DA: No charges for police videotaped subduing man with baton
RALEIGH, N.C. (AP) — No charges will be filed against North Carolina police captured on video striking a suspect with a baton, the district attorney said Monday, as police released new footage of the man throwing punches at officers and knocking one down.
Wake County District Attorney Lorrin Freeman announced that her office won’t prosecute officers shown subduing Frederick Darnell Hall in bystander video that began circulating Friday. Newly released police dashboard video taken from a different angle shows Hall throwing punches at officers before he’s brought to the ground.
“While this incident is unfortunate and troubling to watch, law enforcement officers are authorized under the law to use force to stop an attack when necessary,” Freeman said in a statement. She noted officers tried to use a stun gun on Hall before using other force.
One bystander video that surfaced Friday, gaining scores of views on social media, showed what happened after Hall was already on the ground, as an officer repeatedly strikes him with a baton. Another witness video showed Hall swinging at officers.
Community activists have decried the altercation with Hall as yet another example of excessive force by police.
Hall was charged over the weekend with multiple counts of assault, as well as resisting arrest and disorderly conduct.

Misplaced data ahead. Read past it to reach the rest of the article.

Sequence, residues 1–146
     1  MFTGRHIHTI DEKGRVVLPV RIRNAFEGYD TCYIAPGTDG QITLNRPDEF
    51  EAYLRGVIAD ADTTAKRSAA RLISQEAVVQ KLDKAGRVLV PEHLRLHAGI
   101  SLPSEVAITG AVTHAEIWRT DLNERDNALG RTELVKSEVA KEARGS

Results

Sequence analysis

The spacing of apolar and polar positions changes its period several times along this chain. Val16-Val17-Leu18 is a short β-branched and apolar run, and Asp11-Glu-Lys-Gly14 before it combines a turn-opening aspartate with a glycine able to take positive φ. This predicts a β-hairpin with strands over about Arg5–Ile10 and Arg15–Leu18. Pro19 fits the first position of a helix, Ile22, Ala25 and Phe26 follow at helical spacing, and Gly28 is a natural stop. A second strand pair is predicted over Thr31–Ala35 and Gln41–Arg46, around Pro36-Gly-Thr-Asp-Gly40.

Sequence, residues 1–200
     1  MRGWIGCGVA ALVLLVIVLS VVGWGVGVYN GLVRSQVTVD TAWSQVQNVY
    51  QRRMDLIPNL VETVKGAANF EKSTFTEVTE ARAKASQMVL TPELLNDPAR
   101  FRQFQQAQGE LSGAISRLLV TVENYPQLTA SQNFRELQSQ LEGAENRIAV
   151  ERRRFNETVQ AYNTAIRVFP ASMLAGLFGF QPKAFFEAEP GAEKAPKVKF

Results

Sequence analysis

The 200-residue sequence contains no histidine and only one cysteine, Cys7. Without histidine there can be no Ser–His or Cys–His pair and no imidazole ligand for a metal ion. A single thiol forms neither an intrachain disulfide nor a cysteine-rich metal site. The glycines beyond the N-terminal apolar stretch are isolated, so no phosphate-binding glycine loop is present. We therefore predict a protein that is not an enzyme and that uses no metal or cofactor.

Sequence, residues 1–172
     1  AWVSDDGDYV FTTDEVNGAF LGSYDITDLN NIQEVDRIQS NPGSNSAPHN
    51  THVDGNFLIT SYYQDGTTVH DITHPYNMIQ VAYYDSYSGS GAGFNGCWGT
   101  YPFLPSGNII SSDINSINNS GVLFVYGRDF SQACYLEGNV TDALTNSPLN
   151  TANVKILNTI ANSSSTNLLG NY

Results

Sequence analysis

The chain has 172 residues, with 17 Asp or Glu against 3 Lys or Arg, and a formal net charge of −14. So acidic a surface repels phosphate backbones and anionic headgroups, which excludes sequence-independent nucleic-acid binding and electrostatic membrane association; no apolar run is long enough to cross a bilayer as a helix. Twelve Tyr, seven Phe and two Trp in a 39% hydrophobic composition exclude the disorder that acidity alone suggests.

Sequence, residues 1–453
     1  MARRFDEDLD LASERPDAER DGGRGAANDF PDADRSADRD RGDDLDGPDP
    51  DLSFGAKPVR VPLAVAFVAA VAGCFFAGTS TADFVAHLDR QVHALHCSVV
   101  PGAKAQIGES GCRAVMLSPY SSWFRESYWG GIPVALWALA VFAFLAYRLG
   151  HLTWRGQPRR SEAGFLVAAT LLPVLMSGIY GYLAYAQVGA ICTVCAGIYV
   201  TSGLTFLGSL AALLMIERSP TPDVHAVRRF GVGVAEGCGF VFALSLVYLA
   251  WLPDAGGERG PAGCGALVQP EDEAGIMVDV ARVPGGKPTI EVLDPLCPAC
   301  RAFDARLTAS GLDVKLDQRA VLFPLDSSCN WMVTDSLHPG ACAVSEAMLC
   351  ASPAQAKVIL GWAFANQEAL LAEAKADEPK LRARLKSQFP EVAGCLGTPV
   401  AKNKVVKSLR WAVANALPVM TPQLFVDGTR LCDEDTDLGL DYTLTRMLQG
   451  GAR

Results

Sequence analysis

The public defender’s office didn’t immediately respond to a message late Monday asking if Hall has a lawyer. Multiple phone listings associated with Hall’s address were disconnected.
The Raleigh Police Department obtained a court order allowing it to release multiple clips of dashboard and body camera video Monday. North Carolina law generally requires a judge to sign off on the release of police video.
The department also issued a statement with new details on what happened. Officers were called Friday morning to investigate a car left unoccupied in a busy road with music playing loudly. They said they found the suspect walking around an intersection with no shirt or shoes.
The news release said Hall, who seemed agitated and “in an altered state,” would not cooperate when officers talked to him. After officers tried to stop him from getting back in his car, he attacked them, police said.
The news release said officers suffered cuts, scrapes, bites and bruises that required treatment at a hospital.
In releasing the new footage, the department wrote that some video clips previously posted on social media and aired by news outlets “do not fully and accurately depict the incident.”
It’s not the first time this year that Freeman’s office has weighed whether officers went too far in a videotaped confrontation. Two former state troopers and a sheriff’s deputy were charged with assaulting a pedestrian with flashlights and a police dog during an April altercation.
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